by the Night Writer
One morning last week I was walking the five blocks from the train to my office, pretty much just thinking about the day ahead. As I waited at the first corner with a crowd of pedestrians for the light to change, an older black man standing in front of me turned around and looked at me, then said, “God bless you.”
“And God bless you, too,” I said, a little surprised but not really uncomfortable even though I could smell the strong scent of alcohol coming from him as he turned back around. I know from the times I’ve spent with the guys in the Teen Challenge program how much they hated, when they were on the street, how people wouldn’t look at them because of their color, or their raggedyness, or both. Since then I’ve tried to make it a habit to acknowledge people with my eyes when they cross my path.
The man was standing with two other rather scruffy looking guys. He turned to me again as the light changed and the crowd moved across the street, the two scruffy guys and my fellow pedestrians subtly leaving a bubble around me and my new friend as we got the inevitable request for money out of the way (which I declined). He then started a rambling description of his birthday being January 1, and how nobody believes that, and how Jesus walks with him, and nobody believes that either. “Do you you believe Jesus walks with me?” he asked.
“I believe Jesus lives inside us,” I replied.
“Does he live inside you?”
“Yes, he does.”
He went on talking about Jesus following him everywhere. By now Jesus was the only one who could have been in spitting distance of us. I was feeling very much at peace, though, interjecting a comment every so often to let him know I was listening. We got to the corner where my office is and my friend was asking me if Jesus walked beside me. I told him that I believe Jesus said he would never leave us or forsake us, that he would be with us everywhere we go. Then I got bold, though I still felt peaceful.
“I believe Jesus is walking beside you,” I said. “The problem is, you’ve been taking him into a lot of places he doesn’t want to go. I wonder,” I said, “what would happen if you started to follow him for a little while instead of having him follow you?” For the first time in our conversation he was still and quiet. I put out my hand. He took it.
“I believe you when you say you were born on January 1. I believe that is a symbol from God that you can make a new beginning, but you don’t have to wait for your birthday.”
There at the corner of Washington and Marquette I put my other hand on his shoulder and began to pray out loud, thanking God for the man’s life and for bringing us together and for the plans that God had for him. I prayed that God would open doors for him that no man could close and that he would close doors that no man could open. I said “Amen” and dropped my left hand. He stood there with a surprised look on his face.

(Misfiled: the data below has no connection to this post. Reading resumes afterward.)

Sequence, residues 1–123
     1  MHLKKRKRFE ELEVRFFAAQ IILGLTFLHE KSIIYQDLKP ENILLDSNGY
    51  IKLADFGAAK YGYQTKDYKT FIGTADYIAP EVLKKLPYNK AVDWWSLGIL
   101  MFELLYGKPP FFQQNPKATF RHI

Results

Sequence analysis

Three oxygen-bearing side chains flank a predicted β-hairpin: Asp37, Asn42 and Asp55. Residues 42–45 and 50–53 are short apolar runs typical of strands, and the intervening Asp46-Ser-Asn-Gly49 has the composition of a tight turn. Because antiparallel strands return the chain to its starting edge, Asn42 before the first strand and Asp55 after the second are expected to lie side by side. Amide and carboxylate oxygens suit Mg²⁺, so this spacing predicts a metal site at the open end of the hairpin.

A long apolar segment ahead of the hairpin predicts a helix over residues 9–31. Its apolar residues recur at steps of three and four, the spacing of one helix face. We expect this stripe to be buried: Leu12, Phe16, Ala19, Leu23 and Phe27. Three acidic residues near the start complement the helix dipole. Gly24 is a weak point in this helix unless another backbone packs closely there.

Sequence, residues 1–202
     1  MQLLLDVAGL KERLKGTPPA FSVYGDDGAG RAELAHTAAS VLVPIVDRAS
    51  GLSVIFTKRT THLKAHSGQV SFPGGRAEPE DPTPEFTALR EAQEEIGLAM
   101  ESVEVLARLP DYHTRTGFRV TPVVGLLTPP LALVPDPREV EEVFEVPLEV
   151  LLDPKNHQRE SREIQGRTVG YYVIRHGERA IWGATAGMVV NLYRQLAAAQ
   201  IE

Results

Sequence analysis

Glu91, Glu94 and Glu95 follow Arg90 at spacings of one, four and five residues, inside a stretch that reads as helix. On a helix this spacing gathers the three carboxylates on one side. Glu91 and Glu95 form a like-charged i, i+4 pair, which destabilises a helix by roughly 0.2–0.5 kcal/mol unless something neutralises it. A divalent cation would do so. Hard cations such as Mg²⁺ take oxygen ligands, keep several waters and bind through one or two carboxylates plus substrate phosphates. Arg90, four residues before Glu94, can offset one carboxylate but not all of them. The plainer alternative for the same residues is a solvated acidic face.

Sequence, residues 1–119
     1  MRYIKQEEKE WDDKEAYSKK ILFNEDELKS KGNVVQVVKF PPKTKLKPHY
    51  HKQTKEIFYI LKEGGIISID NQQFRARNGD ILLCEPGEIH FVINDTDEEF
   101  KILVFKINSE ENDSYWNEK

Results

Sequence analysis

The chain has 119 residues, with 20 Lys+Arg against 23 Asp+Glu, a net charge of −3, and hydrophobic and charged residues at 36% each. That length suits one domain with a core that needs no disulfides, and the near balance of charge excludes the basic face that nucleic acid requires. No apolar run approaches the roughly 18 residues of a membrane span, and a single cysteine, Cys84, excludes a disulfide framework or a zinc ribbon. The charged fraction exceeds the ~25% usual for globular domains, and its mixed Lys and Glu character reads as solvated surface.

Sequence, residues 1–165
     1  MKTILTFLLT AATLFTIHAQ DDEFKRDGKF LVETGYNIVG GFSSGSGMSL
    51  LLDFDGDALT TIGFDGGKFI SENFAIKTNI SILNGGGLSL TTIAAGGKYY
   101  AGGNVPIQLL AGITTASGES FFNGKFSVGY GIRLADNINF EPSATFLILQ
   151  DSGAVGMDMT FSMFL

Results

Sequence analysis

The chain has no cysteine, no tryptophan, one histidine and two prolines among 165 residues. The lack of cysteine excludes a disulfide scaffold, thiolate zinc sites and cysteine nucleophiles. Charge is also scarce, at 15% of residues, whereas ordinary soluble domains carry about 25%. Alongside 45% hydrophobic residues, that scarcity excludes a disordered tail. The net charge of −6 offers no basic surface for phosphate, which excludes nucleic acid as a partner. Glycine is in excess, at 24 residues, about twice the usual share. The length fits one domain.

“Thank you,” he said, softly. Then louder, “Thank you very much! God bless you!” Then he turned and walked away.
Now I harbor no illusions that that interlude will turn that man’s life around, but I know God has done greater things. Neither do I have any doubt that I was supposed to meet that man that day. As for myself, I got quite a lift from the unexpected meeting, and I wondered at the peace and confidence I had felt. I hadn’t been self-conscious at all about anyone else around us, or put off by the man’s appearance or condition. Believe me, that is not my usual demeanor! I felt at first as if I had just done something the way my pastor would’ve done it, and then I realized that perhaps I had done it the way Jesus would have — without a thought or care but for the man he had just met.
That may all be very nice but I also realized that, while I likely won’t know the impact I made on the other guy, that God wanted to show me something. I, too, am guilty — in both thought and actions — of taking Jesus into places sometimes that perhaps he doesn’t want to go. In fact, I can go hours without even being aware of him beside me. As the morning went on I was simultaneously buoyed by the experience and humbled that I was able to experience it. I didn’t really grasp the biggest lesson, however, until yesterday when it finally dawned on me.
The experience felt great and was stimulating because it was different, out of the ordinary. It finally hit me, yesterday, that in fact it shouldn’t be that out of the ordinary at all. Jesus didn’t spend a lot of time in church, but was usually out walking, going from one place to another, meeting the people he was supposed to meet, touching their lives with his presence. The same Jesus walks with me, wanting to do the same thing if I will let him; not by preaching sermons or trying to get people to say a prayer so they can be “saved”, but simply touching their lives with a word or a touch that communicates his love for them, showing — as Romans 2:4 says — “the goodness of God that leads people to repentance.”
I want to feel that lift that I felt that day much more often.